The attack began at 5.00 a.m. on Monday, 2nd September. The 1st Canadian Division went forward south-eastwards on the extreme right, south of the Arras-Cambrai road. The 4th Canadian Division were in the centre, between Dury and the main road, and led the assault up the exposed ridges, behind an intense artillery barrage. By nightfall the Drocourt-Quéant Line had been breached and Canadian Corps Battalions surged into the open country beyond. A general German retirement took place during the night of 2nd/3rd September and, on the following day, the forces moved forward to within striking distance of their next objective - the Canal du Nord.

Later in the month came Battles of the Hindenburg Line, the first of which was The Battle of the Canal du Nord, 27th September - 1st October 1918. Canadian forces had had considerable success at Drocourt-Quéant and once again the Canadian Corps was given a principal role in the renewed offensive.

At 5.20 a.m. on Friday the 27th September, following a night of heavy rain, assault troops of the Canadian 4th and 1st Divisions left their assembly positions and attacked on a narrow front (centred on Sains-lez-Marquion) behind a devastating creeping barrage. The British Third Army’s infantry, immediately to the south (right flank) advanced simultaneously. With dense clouds of smoke blowing towards the enemy lines the leading Canadian assault troops, assisted by tanks, quickly crossed the canal. Attacks were renewed on the following day (28th) although Canadian progress slowed. Battalions of the Third Army captured Noyelles, Marcoing, and Gouzeaucourt, and seriously threatened Cambrai. In two days an advance of six miles was made on a twelve mile [19.3 kms.] front; 10,000 enemy prisoners and 200 guns were taken.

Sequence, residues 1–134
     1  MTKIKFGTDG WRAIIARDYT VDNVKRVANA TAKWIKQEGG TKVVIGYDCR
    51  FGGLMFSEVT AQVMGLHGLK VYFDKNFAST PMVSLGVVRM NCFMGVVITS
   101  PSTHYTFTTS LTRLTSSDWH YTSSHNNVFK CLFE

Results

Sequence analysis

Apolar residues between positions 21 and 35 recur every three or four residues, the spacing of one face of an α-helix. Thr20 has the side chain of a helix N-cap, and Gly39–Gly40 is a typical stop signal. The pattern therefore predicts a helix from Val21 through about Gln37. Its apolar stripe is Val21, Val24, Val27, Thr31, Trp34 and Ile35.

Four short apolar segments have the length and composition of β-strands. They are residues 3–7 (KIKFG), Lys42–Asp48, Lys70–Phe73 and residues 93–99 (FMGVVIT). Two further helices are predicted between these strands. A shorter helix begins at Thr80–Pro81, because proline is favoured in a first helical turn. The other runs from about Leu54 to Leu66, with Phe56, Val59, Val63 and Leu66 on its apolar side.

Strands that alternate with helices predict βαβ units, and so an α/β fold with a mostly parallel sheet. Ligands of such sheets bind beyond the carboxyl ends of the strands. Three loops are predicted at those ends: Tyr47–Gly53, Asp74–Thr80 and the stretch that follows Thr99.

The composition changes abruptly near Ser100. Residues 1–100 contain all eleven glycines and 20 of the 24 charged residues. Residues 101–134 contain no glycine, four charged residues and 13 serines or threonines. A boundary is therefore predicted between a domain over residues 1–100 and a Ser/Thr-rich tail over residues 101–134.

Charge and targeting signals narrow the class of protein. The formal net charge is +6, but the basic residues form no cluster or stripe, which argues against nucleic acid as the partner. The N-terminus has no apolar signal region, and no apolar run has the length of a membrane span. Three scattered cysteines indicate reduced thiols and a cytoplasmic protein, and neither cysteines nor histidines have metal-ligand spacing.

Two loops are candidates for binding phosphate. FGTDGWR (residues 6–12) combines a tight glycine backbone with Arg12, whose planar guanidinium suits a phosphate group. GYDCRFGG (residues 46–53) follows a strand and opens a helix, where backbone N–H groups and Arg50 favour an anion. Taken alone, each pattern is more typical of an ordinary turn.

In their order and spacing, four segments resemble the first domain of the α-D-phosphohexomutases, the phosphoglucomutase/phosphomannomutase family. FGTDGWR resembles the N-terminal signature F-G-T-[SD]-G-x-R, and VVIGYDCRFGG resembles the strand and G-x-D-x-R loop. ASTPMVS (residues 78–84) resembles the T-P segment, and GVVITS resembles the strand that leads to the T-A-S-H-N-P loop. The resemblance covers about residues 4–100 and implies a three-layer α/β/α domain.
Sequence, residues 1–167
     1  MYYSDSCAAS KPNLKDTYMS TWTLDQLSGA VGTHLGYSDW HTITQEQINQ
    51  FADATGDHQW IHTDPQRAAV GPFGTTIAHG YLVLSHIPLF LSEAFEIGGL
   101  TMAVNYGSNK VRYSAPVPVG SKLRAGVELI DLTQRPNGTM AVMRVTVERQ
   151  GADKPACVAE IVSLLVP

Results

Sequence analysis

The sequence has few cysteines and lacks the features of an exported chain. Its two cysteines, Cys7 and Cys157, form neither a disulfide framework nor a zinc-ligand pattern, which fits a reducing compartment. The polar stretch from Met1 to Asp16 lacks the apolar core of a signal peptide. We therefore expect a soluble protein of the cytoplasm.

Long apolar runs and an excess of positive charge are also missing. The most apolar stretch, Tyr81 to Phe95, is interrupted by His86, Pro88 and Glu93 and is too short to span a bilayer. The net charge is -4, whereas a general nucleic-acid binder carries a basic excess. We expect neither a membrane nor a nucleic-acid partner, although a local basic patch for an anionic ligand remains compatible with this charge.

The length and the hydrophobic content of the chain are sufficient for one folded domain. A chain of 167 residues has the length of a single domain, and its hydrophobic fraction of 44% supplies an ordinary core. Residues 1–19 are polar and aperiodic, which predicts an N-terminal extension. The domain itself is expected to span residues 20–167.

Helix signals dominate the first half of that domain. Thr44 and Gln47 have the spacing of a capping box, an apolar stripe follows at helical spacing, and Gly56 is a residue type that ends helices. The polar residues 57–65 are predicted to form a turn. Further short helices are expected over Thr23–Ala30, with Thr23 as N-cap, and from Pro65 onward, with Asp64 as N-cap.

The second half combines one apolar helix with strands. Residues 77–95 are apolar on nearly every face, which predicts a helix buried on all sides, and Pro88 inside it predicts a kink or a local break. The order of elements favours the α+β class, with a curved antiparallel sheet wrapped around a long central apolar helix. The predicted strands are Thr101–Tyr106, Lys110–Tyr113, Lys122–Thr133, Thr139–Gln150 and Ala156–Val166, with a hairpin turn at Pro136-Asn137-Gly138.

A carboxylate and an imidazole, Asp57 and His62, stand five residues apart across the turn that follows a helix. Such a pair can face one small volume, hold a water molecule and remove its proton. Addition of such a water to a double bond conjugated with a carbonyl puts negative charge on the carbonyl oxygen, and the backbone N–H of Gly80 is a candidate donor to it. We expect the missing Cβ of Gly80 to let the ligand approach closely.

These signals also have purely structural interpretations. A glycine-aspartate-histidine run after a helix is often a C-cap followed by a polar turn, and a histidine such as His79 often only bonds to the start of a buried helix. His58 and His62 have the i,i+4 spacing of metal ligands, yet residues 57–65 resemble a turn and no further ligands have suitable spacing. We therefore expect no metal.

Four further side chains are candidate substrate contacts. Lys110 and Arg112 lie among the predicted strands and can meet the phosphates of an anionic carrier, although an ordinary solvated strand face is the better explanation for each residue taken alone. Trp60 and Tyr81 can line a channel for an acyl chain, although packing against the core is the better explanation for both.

The next day, 28th September, saw the Canadian Division run into unmapped wire and they suffered heavy losses in front of the Douai Road. John was one of 16 men of the 8th Battalion to be killed in action on the 28th September 1918, and one of the eight buried together in Haynecourt British Cemetery. A total of 112 Officers and men of the Battalion were killed in action or died of wounds during the five day Battle of the Canal du Nord, 27th September - 1st October 1918.

· The Buxton Advertiser, 19 October 1918
· The Canadian Great War Project
· CEF Burial Registers, 649-P-8224
· Canadian Passenger Lists, Roll:T- 4790

Commemorated on:
Link to CWGC Record
John Woolliscroft's grave
Pt John Fowler Woolliscroft